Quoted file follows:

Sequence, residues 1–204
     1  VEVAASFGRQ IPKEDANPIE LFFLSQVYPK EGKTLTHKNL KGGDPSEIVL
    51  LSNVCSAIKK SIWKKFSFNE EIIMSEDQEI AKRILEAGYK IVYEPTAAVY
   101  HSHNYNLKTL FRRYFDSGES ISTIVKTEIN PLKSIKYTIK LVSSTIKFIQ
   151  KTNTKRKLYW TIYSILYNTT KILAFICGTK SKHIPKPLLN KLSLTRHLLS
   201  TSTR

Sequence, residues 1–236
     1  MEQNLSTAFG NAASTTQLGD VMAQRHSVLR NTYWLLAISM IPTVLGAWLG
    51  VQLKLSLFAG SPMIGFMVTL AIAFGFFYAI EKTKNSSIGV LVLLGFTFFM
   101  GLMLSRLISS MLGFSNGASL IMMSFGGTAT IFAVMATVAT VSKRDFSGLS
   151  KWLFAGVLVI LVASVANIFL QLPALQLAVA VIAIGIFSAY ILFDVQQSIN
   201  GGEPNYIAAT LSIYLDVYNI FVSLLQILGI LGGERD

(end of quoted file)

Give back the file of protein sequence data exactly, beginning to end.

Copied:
Sequence, residues 1–204
     1  VEVAASFGRQ IPKEDANPIE LFFLSQVYPK EGKTLTHKNL KGGDPSEIVL
    51  LSNVCSAIKK SIWKKFSFNE EIIMSEDQEI AKRILEAGYK IVYEPTAAVY
   101  HSHNYNLKTL FRRYFDSGES ISTIVKTEIN PLKSIKYTIK LVSSTIKFIQ
   151  KTNTKRKLYW TIYSILYNTT KILAFICGTK SKHIPKPLLN KLSLTRHLLS
   201  TSTR

Sequence, residues 1–236
     1  MEQNLSTAFG NAASTTQLGD VMAQRHSVLR NTYWLLAISM IPTVLGAWLG
    51  VQLKLSLFAG SPMIGFMVTL AIAFGFFYAI EKTKNSSIGV LVLLGFTFFM
   101  GLMLSRLISS MLGFSNGASL IMMSFGGTAT IFAVMATVAT VSKRDFSGLS
   151  KWLFAGVLVI LVASVANIFL QLPALQLAVA VIAIGIFSAY ILFDVQQSIN
   201  GGEPNYIAAT LSIYLDVYNI FVSLLQILGI LGGERD